ONSC Awards Substantial Indemnity Costs against Apotex in Equitable Disgorgement Case

ONSC Awards Substantial Indemnity Costs against Apotex in Equitable Disgorgement Case

Apotex Inc. v. Abbott Laboratories, 2013 ONSC 2958

Apotex sought equitable disgorgement of profits of Abbott and Takeda, on the ground of unjust enrichment. Specifically, Apotex claimed profits for the time during which it was prevented from selling a generic version of their patented drug Prevacid as a result of PM(NOC) proceedings pursued by Abbott and Takeda. In response, Abbott and Takeda brought a motion for partial summary judgment. The Court ruled in their favour, and dismissed Apotex’s claims for disgorgement of profits. As Abbott and Takeda were the successful parties, they each sought costs on a substantial indemnity basis.

Abbott and Takeda are each awarded costs on a substantial indemnity basis, given that Apotex was forum shopping and was found to have engaged in reprehensible conduct by claiming that Abbott and Takeda engaged in abusive conduct simply because they invoked the PM(NOC) Regulations for a valid purpose envisioned by Parliament. The quantum of costs that Abbott and Takeda requested is reduced.

Costs are only awarded on a substantial indemnity basis in exceptional cases, and the Court will use heightened costs to signal its disapproval to the losing party. In this case, Apotex’s conduct in alleging that the defendants engaged in wrongful conduct by using the PM(NOC) Regulations as part of their litigation strategy, without any evidence or air of reality, was found to be reprehensible. This was found to be the case, even though Apotex did not aggressively pursue these wrongful allegation claims, and simply advanced any possible ground of attack against the defendants.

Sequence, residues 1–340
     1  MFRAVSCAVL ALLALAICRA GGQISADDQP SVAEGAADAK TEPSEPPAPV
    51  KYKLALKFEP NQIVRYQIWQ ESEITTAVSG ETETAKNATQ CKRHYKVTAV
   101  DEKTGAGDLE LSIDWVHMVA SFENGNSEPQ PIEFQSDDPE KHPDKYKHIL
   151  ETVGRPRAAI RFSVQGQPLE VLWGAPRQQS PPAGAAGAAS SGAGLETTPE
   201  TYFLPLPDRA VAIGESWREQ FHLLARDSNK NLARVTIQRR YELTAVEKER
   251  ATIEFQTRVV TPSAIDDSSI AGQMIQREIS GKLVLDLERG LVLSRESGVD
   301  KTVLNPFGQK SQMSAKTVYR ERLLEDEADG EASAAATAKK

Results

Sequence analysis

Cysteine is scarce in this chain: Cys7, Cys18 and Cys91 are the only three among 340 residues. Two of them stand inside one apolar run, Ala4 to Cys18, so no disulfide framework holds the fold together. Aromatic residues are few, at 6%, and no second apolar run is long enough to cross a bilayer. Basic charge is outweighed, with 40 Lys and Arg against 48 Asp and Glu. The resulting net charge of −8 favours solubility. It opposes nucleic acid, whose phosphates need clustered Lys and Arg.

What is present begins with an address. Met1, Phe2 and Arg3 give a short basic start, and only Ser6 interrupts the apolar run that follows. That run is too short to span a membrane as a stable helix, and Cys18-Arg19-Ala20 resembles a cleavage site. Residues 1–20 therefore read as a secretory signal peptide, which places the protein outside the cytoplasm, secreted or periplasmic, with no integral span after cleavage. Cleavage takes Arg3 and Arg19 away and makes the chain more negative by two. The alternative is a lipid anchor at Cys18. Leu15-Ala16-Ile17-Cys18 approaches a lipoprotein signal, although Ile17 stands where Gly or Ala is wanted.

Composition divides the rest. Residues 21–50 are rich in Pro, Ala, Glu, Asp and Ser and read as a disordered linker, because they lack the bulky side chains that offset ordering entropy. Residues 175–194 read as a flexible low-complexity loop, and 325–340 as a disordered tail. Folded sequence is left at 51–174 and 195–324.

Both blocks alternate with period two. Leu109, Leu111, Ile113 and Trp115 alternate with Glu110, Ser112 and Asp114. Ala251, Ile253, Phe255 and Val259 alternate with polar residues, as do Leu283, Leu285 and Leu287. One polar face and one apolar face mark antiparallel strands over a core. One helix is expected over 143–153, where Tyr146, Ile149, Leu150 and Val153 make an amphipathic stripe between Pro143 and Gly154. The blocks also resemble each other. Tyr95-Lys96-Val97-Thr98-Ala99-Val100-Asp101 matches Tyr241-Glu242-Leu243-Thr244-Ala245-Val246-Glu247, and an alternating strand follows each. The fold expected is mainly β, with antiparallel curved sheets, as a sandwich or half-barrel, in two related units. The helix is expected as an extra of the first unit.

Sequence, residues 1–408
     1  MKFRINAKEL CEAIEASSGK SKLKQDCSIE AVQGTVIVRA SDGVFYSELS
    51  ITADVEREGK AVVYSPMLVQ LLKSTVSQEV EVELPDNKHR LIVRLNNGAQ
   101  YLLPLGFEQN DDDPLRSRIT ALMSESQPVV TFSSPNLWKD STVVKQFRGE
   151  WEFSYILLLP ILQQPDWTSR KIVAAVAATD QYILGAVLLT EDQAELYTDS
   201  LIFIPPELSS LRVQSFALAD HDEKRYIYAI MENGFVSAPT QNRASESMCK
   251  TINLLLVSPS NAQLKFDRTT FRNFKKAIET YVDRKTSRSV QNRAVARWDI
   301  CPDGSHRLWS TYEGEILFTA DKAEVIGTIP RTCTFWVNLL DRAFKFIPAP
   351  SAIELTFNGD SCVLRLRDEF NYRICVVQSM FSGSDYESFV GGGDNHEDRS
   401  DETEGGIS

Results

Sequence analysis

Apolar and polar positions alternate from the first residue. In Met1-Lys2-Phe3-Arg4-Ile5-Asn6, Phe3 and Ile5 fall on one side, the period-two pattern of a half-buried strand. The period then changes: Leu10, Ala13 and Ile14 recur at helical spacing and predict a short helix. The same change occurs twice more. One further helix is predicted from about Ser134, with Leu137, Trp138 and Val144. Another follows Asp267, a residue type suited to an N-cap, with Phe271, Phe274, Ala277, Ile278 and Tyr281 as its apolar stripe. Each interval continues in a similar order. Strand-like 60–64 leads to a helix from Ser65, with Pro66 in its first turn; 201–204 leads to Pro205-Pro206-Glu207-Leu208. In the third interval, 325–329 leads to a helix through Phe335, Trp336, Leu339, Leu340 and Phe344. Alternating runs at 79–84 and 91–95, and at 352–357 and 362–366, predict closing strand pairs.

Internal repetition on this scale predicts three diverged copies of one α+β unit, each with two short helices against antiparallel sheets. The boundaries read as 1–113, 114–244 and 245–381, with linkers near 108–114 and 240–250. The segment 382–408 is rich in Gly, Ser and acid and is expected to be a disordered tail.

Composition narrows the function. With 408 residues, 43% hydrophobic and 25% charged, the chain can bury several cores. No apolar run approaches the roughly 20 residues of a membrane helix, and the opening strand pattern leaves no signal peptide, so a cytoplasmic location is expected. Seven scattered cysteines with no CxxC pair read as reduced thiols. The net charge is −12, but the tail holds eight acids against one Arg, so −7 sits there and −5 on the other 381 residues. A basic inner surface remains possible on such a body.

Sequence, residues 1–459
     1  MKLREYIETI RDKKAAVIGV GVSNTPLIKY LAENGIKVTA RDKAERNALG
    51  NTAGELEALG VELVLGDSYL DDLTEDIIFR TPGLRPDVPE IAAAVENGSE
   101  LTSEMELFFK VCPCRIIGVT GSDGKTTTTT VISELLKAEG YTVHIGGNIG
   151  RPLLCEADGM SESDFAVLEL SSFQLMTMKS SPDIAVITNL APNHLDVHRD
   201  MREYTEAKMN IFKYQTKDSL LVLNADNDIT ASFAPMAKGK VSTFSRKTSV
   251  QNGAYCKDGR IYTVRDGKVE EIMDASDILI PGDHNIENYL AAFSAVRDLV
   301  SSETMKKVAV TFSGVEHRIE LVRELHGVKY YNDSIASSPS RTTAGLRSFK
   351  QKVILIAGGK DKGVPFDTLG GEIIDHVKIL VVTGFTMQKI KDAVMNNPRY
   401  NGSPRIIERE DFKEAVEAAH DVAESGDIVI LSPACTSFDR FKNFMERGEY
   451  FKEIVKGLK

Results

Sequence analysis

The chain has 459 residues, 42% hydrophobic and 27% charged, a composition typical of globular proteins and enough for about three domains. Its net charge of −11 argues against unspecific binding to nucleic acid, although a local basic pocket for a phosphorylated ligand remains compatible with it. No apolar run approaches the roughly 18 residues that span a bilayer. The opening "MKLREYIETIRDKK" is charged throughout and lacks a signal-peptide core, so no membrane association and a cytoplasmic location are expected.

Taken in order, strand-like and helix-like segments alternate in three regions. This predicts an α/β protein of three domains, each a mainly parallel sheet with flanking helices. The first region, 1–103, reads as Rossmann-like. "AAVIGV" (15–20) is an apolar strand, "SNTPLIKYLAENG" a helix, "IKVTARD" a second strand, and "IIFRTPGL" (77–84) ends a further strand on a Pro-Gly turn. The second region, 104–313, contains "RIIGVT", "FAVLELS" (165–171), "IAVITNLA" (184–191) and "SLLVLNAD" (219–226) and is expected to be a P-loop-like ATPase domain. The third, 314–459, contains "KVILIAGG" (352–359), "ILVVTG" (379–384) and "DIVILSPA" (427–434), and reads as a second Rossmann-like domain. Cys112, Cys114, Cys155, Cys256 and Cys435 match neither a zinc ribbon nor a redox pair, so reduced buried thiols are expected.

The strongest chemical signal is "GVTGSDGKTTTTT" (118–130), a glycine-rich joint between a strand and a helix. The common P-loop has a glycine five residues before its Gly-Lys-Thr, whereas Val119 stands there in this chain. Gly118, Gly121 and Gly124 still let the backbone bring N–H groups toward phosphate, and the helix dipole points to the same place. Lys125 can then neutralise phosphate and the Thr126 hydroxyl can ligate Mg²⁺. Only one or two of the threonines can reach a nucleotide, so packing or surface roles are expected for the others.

Apotex was also found to have engaged in forum shopping, because it pursued an equitable action against Abbott and Takeda, despite its involvement in the previous case of Apotex v. Eli Lily where the Federal Court ruled that s. 8 of the PM(NOC) is a complete code, and does not allow parties to pursue equitable remedies. In addition, Apotex previously had tried to argue this point before the Federal Court in the current case, and had failed.